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Former RAAF 707s flown out by Omega

written by australianaviation.com.au | October 23, 2011

N624RH (left) and N629RH prepare to depart Richmond for the final time. (Andrew McLaughlin)

Two former RAAF Boeing 707 tanker transports have departed Richmond where they have been laid up for over three years, bound for a new home in the US with Omega Air Services.

The aircraft – N624RH which was formerly A20-624, and N629RH which was A20-629 – departed Richmond about 20 minutes apart on October 23 bound for the US via Pago Pago and Hawaii. A third 707 – N623RH, formerly A20-623 – is scheduled to depart Richmond by October 26 after a delaminated rudder trim tab has been repaired. All three are former Qantas 707-338Cs which were acquired by the RAAF in the 1980s, and all three were placed on the US register in June this year.

N623RH is scheduled to depart Richmond by October 26. (Andrew McLaughlin)

The aircraft are initially bound for different locations in the US. N624RH – the final RAAF 707 to be retired – will fly to Brunswick in Georgia where it will receive a major check before entering service with Omega early next year. For the short term, it will retain its wingtip mounted hose and drogue refuelling pods, but it is planned to convert this to Omega’s twin point fuselage mounted hose and drogue system at a later date. N629RH will fly to Omega’s San Antonio home base in Texas where it will also receive a major service and will be equipped with the twin point system, and is expected to enter service with Omega in late 2012.

N629RH lifts off from Richmond bound for the US via Pago Pago and Hawaii. (Andrew McLaughlin)

N623RH will initially be placed in storage at Victorville in California for about two years, but is scheduled to be the first of the three aircraft to be re-engined with P&W JT8 engines – common to the McDonnell Douglas MD-80 airliner – which provide 20 per cent more thrust, are Stage 4 noise compliant, and consume 30 per cent less fuel than the current P&W TF33s. It is not known whether the other jets will be re-engined.

Omega has also acquired the RAAF’s former 707 simulator which is located at Richmond. The sim is scheduled to be removed from the 285SQN simulator building with the assistance of CAE Australia in early November, and transported by ship to the US before being installed at the Pan Am training facility in Las Vegas. It is expected the sim will be installed and certified by March next year.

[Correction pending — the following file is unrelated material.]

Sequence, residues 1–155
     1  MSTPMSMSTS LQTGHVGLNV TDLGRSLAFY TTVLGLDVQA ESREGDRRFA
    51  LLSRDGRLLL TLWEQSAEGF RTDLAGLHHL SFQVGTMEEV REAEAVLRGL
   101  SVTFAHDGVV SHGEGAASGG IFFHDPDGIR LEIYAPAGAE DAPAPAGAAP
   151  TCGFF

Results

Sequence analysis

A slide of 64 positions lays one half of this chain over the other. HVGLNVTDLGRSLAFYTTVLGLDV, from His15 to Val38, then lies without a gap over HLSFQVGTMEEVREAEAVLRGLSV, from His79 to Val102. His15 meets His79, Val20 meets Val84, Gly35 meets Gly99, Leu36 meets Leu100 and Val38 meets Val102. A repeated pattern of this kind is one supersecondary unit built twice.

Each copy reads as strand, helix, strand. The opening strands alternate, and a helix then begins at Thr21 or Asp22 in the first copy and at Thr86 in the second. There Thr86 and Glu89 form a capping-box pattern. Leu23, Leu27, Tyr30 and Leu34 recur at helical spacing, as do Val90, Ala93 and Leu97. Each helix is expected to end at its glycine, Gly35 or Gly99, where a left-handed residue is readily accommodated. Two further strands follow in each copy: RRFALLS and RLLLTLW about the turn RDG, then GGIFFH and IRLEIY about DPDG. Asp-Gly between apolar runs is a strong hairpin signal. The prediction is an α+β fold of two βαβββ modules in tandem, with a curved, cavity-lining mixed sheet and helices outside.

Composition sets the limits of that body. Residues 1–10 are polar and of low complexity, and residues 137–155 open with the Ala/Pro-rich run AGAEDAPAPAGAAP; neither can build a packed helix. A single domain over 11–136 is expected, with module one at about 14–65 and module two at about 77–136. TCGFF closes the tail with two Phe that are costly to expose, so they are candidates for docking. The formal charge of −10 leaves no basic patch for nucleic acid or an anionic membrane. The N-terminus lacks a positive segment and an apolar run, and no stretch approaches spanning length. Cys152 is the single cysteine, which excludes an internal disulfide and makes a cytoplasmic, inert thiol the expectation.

The RAAF retired the last of its 707s from service on June 30 2008. On that day, the operating squadron 33SQN ceased operations at Richmond, and stood up the following day at Amberley to prepare for the delivery of the first Airbus KC-30A MRTTs. But the MRTT delivery has been delayed by more than two and a half years, with the first example arriving in June this year.

During the interim period, the RAAF has been forced to use USAF tankers or to lease Omega’s 707 and KDC-10 tankers for major exercises and deployments, and for the Super Hornet delivery flights. Omega lost one of its two 707s in a fiery crash on takeoff at NAS Pt Mugu near Los Angeles in May this year.

Omega personnel arrived at Richmond in June this year for an initial survey, and were followed in September by maintenance and flight crews to begin working and training on the 707s. Simulator training was conducted on the former RAAF sim, and flight tests and an FAA inspection were conducted in the week prior to departure. Anecdotal reports suggest the aircraft were in relatively good condition considering they were only placed in preservation storage designed to last six month, with few new parts and just one engine change between the three being required to make them airworthy.

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